this is a SHAXPIR project
how does it work?

The Secret War with Iran

  by Ronen Bergman

(about 585 pages)
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passive voice
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clippings from this book

We’ve analyzed hundreds of millions of words, from thousands of different authors, training our linguistic models to recognize the most vivid words in the English language… the words that create the most intense sensory experiences: colors, textures, sounds, flavors, and aromas.

Based on our analysis, we’ve scanned through the pages of this book to find the two pages at the extremes, both the most-passive and the most-vivid pages, so that you can compare them side-by-side and see the difference:

When I heard that it was him, I was in shock. Like a punch to the stomach. It was clear to me that the information would not remain with him in captivity.” Cohen said there could be no doubt that Tannenbaum gave Israel’s enemies information that caused grave damage the security of the state. He was very emphatic in his reply when asked what he would have done if it were he who had been abducted: “Understanding that I would not be able to keep the information inside me, I would probably have killed myself, if I could have done so.” Among the secrets that Tannenbaum knew was one called simply “the project.” It has to do with Israel’s most advanced weapons system, one that was supposed to have decided the next battlefield confrontation. The system has many top-secret American components and parts of it are manufactured in the United States. When the IDF attaché in Washington reported to the Pentagon on the Tannenbaum affair, therefore, there was considerable consternation. That consternation only increased after the U.S. invasion of Iraq in March 2003. There were those who feared that some of the information on the technologies used in “the project” would be transferred by Hizballah to the forces fighting against the Americans there. Investigators assume that whatever information Tannenbaum might have divulged, it was given under interrogation, and he did not set out to sell it to Israel’s enemies. If, however, he had been a professional spy, he was dawn light began to rise, a cat appeared suddenly on the windowsill. After creeping out of a pile of junk, it was looking for a ray of sun to rid it of the night’s chill. An alley cat, shabby and filthy, it had once been white but now was wearing the same gray shade as the alley itself. It was 4:30 a. m. on April 15, 2004, at the corner of Salah al-Din Street and Cinderblock Alley, in the heart of the casbah of Nablus, the largest city in the West Bank. Early peddlers were dragging their carts piled with vegetables and fruit, and the smell of baking pita bread was in the air. The cat, with all of its feline instincts, did not notice that less than an arm’s length away, on the other side of the closed iron shutter, someone was watching it through the sights of a sniper’s rifle. The awakening street shared the cat’s ignorance. Inside the apartment overlooking the street was a team of elite Israeli soldiers, men of Viper Company of Paratroop Battalion 202, heavily armed and daubed with warpaint, waiting for the start of “Operation Swamp King.” The objective: to kill wanted, armed terrorists of Hamas and the Iranian-backed Islamic Jihad based in the casbah. The method: creation of an artificial provocation that will irresistibly tempt them out of their hiding places to attack Israeli troops operating in the streets, thus exposing themselves to the waiting ambush, of a kind code-named “Grass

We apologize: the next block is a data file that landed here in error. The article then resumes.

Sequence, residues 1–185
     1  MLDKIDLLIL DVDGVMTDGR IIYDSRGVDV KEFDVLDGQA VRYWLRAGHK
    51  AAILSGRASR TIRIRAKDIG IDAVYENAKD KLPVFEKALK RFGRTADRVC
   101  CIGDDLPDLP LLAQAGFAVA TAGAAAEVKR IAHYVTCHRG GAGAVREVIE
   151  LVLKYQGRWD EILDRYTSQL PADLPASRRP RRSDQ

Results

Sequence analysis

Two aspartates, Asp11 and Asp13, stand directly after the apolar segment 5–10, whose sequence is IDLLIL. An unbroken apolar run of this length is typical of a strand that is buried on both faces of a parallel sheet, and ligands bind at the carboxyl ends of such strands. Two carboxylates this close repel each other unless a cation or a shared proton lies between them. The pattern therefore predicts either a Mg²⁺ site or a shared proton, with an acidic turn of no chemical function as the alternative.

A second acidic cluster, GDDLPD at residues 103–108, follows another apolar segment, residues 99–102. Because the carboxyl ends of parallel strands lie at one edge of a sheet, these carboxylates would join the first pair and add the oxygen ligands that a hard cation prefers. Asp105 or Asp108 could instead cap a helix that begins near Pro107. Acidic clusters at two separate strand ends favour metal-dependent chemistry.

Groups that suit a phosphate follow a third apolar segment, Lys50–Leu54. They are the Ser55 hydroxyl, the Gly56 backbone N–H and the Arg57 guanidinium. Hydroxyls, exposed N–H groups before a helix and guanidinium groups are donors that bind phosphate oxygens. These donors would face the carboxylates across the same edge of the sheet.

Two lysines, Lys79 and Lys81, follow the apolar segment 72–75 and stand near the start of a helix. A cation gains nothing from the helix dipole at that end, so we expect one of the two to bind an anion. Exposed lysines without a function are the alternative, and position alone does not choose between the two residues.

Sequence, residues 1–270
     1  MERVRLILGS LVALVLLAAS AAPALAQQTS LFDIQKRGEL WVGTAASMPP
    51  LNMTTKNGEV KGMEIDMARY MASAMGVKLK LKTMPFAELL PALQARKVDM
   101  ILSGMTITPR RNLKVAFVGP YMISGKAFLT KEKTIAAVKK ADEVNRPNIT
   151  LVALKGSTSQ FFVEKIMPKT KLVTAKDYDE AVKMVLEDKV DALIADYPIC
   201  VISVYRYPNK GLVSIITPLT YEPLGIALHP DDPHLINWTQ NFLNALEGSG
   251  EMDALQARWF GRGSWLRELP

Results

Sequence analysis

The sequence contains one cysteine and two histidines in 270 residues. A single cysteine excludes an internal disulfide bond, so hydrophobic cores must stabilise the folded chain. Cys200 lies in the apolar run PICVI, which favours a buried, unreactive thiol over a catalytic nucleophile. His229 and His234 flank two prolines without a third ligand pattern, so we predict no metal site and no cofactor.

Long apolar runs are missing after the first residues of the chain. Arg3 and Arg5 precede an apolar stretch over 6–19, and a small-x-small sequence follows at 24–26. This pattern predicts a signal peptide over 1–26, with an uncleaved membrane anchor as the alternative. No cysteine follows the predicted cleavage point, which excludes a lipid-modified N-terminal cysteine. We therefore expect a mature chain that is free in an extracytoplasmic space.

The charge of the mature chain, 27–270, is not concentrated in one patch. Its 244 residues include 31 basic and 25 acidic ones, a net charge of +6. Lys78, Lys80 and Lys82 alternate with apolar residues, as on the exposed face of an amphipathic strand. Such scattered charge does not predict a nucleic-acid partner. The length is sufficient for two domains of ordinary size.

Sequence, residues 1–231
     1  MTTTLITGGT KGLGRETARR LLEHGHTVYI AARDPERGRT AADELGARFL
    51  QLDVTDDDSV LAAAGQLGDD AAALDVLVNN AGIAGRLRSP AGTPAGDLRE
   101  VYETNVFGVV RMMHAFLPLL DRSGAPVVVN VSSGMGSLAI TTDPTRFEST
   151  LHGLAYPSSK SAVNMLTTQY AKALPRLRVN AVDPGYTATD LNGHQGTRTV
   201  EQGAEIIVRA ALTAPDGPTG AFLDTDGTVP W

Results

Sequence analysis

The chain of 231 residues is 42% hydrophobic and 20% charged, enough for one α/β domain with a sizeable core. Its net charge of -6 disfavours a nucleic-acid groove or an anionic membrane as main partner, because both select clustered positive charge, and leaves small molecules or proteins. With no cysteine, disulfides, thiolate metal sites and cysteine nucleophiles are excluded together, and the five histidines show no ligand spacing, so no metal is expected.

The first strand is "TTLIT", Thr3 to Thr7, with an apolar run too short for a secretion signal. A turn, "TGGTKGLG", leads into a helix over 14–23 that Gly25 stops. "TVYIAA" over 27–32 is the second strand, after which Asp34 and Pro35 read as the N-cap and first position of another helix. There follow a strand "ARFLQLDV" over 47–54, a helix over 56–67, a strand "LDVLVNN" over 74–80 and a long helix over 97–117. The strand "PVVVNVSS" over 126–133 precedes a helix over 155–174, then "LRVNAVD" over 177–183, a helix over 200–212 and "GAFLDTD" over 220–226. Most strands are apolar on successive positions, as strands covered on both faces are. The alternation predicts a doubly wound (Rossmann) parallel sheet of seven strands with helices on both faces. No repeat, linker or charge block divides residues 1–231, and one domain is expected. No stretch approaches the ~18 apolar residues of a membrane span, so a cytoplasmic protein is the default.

emotional story arc

Click anywhere on the chart to see the most significant emotional words — both positive & negative — from the corresponding section of the text…
This chart visualizes the the shifting emotional balance for the arc of this story, based on the emotional strength of the words in the prose, using techniques pioneered by the UVM Computational Story Lab. To create this story arc, we divided the complete manuscript text into 50 equal-sized chunks, each with 2926.28 words, and then we scored each section by counting the number of strongly-emotional words, both positive and negative. The bars in the chart move downward whenever there’s conflict and sadness, and they move upward when conflicts are resolved, or when the characters are happy and content. The size of each bar represents the positive or negative word-count of that section.

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